Mompox is so laid back it’s asleep. It is a small town with one main avenue and many side roads. The architecture is beautiful antique Spanish colonial – big, wide walls, large doorways and doors of ancient wood with brass studs and big, antique padlocks. Simply magnificent. People are super-friendly and seem to be of the more sensible village-type, as yet uncorrupted by trends and fashions of the main stream and money. Everyone here is up for a conversation and curious to know where you come from and what you think. We think we’ve finally encountered the Colombia we were hoping to find. Things are looking up!



There’s a really interesting phenomenon going on at the park just opposite the hostel: on the dry ground, underneath the massive trees, there are two little bars which open in the afternoon and carry on until about 3 in the night. Each is run by a different owner, and each is about the size of a shoe box – literally only big enough for the guy and his beer fridges inside, and there’s a flap-window which opens on one side. Around there is a scattered collection of plastic garden furniture for the guests.



Each bar comes with a music system and a set of large speakers. Each owner seems to have their own taste in music. So, what happens here at night is, they both start playing their preferred tunes and turn up the volume so loud as to drown out the sound of the other. This has the interesting effect of making either music barely recognizable in the cacophony, and guests sitting on the garden furniture have to shout to each other to talk.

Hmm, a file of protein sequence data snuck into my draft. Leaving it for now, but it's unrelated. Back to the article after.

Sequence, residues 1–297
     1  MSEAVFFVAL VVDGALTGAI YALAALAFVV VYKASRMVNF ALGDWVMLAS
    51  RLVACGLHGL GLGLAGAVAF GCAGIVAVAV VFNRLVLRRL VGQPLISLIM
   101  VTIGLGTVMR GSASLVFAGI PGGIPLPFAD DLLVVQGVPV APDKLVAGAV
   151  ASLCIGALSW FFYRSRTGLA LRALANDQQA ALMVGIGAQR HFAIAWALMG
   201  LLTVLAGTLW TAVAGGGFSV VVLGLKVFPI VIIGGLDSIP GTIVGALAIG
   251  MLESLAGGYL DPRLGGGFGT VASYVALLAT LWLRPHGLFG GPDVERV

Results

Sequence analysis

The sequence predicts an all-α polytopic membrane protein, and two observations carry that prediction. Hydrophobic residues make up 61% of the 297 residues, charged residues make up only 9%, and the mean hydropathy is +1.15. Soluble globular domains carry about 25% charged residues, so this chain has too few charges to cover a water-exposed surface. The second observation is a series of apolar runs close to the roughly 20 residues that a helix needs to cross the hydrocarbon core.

Who would have thought….




This town is in fact a very important historical city. Perched on the largest river-island (possibly in the world, I may have read?), smack-bang in the middle of the mighty Rio Madeira, which runs from far in-land right out to the port of Barranquilla, it was once an extremely rich Spanish colonial port, through where riches would flow to and from the country’s inner. (And boy, were there riches! There are old tales from the Spanish colonists of gold nuggets strewn across river banks. Not to mention the Emeralds.) Also the country’s mint was here.


But that all ended for Mompox when the river silted up (I can only imagine why) and the route was no longer viable.


In the day it’s searing hot. Taking a midday walk something of a health risk, though this can be worked around by sticking to shady spots and making occasional beer stops at the tiendas along the way. At night a light breeze descends, people park their wooden rocking-chairs outside their front doors or sit on the old park benches and enjoy the nighttime respite and each others’ company.



At night there’s good food around the Plaza Santo Domingo for around 7000 Pesos and some of the best fruit smoothies we’ve ever encountered in S.America – notably the mix of Goyaba (Guava) and Tomate de Arbol (Tomato of the Tree). We’re very pleased to have come to this place. We were hoping to escape the usual city hecticness by coming to a place less easily accessible, and this time we’ve found just that.